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Only 33% of Canadians are 'very confident' in maximizing tax breaks



Ahead of the looming tax filing deadline, it appears that many Canadians may be missing out on valuable opportunities to maximize their tax savings.


According to a recent study released by IG Wealth Management, only about one-third of Canadians feel "very confident" that they are making the most of all available tax breaks. This suggests that a significant portion of the population may be leaving potential savings on the table.


Damon Murchison, the president and CEO of IG Wealth Management, emphasized the importance of prioritizing tax planning beyond just the tax season. He noted that taking proactive steps to plan throughout the year could lead to reduced tax bills, increased utilization of tax credits and deductions, and ultimately, greater wealth retention.


Despite recognizing the importance of year-round tax planning, a large portion of respondents admitted that they do not make it a priority throughout the year. Only 27 percent of Canadians reported actively engaging in tax planning on an ongoing basis, potentially missing out on opportunities to optimize their financial situation.


Murchison stressed that integrating tax planning into one's overall financial strategy is crucial for maximizing savings and achieving long-term financial goals.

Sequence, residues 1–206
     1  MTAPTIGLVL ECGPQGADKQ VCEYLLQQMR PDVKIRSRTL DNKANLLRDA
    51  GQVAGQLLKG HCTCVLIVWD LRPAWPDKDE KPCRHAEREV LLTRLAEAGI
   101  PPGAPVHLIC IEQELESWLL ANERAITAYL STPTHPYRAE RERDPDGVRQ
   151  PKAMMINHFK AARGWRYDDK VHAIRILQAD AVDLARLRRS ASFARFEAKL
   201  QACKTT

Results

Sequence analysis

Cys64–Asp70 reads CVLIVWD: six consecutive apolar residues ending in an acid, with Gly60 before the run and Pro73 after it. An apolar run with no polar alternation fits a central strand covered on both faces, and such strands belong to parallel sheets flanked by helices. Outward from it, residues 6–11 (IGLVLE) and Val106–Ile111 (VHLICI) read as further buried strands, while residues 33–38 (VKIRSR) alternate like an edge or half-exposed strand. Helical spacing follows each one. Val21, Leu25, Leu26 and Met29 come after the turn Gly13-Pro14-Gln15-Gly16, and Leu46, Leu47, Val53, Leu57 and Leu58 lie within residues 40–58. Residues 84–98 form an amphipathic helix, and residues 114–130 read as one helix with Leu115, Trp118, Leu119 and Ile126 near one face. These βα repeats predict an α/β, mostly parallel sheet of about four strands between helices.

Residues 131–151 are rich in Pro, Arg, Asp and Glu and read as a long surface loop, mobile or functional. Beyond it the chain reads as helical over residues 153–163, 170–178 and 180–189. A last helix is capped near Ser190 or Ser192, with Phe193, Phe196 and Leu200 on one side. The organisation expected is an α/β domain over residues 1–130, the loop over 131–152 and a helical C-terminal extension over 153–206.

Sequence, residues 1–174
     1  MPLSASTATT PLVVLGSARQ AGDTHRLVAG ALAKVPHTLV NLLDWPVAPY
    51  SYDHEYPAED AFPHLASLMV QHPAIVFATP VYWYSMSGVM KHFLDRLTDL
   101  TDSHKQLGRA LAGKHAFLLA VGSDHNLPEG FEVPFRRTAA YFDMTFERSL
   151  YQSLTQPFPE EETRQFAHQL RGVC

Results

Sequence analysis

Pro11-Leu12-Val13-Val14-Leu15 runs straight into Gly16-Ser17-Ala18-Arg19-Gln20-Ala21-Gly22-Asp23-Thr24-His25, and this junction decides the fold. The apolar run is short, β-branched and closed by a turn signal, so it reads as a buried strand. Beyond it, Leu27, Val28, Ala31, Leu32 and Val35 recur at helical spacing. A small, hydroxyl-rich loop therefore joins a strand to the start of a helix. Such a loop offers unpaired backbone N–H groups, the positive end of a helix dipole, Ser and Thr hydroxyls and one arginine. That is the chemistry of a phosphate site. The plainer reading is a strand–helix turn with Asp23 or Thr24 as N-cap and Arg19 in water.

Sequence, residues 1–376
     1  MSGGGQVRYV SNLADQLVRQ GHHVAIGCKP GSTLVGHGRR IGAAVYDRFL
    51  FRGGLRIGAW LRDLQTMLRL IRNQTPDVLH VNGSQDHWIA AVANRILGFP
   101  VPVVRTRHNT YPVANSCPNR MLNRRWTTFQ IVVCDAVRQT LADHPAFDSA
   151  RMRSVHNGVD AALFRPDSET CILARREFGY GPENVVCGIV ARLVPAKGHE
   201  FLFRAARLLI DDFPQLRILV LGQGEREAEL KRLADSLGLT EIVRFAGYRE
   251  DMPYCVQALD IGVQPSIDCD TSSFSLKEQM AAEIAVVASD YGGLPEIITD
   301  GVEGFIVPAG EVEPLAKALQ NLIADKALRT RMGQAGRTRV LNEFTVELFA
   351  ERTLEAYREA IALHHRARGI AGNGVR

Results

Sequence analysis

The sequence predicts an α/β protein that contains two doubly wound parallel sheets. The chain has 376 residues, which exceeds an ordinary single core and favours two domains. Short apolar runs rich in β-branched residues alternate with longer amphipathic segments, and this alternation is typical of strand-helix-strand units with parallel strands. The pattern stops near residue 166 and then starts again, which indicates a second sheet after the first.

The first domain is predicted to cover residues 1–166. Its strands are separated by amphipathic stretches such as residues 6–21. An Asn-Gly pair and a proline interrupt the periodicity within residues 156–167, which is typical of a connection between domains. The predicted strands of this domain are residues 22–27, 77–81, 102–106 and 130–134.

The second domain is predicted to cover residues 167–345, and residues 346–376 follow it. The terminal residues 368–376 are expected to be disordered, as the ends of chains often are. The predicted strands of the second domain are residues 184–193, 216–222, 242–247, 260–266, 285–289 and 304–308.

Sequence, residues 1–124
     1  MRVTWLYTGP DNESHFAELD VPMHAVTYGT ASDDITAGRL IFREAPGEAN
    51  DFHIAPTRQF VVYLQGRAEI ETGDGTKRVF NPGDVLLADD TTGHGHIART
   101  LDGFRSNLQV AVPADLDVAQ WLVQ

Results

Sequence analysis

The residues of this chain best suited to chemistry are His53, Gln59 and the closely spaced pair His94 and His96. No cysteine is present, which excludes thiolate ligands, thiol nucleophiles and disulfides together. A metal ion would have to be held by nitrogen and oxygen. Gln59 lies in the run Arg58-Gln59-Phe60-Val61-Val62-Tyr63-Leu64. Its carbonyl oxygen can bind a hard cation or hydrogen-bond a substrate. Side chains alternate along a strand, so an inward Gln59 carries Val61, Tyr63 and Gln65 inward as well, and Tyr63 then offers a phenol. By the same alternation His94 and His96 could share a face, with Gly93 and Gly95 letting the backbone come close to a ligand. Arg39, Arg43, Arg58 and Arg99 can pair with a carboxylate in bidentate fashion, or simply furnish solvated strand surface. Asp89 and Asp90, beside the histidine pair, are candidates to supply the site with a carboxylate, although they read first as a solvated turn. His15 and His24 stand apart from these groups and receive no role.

The study also delved into Canadians' awareness of tax implications associated with significant life events and major purchases. Surprisingly, only one-third of respondents indicated that they consider tax implications before making major purchases such as buying a home, a second property, or a car, or undertaking home renovations.


Furthermore, a mere 17 percent of respondents reported being familiar with how life events such as marriage, having children, retiring, or estate planning can affect their taxes. This lack of understanding regarding tax implications related to life changes is concerning, as it could lead to missed opportunities for tax optimization.


Murchison expressed concern over the widespread lack of awareness regarding tax implications associated with major life events and purchases. He emphasized the importance of seeking guidance and understanding the potential tax consequences before making significant financial decisions.


The study's results were based on an online survey of 1,229 adult Canadians conducted between February 15 and February 28. These findings underscore the need for increased education and awareness regarding tax planning strategies and their impact on Canadians' financial well-being.


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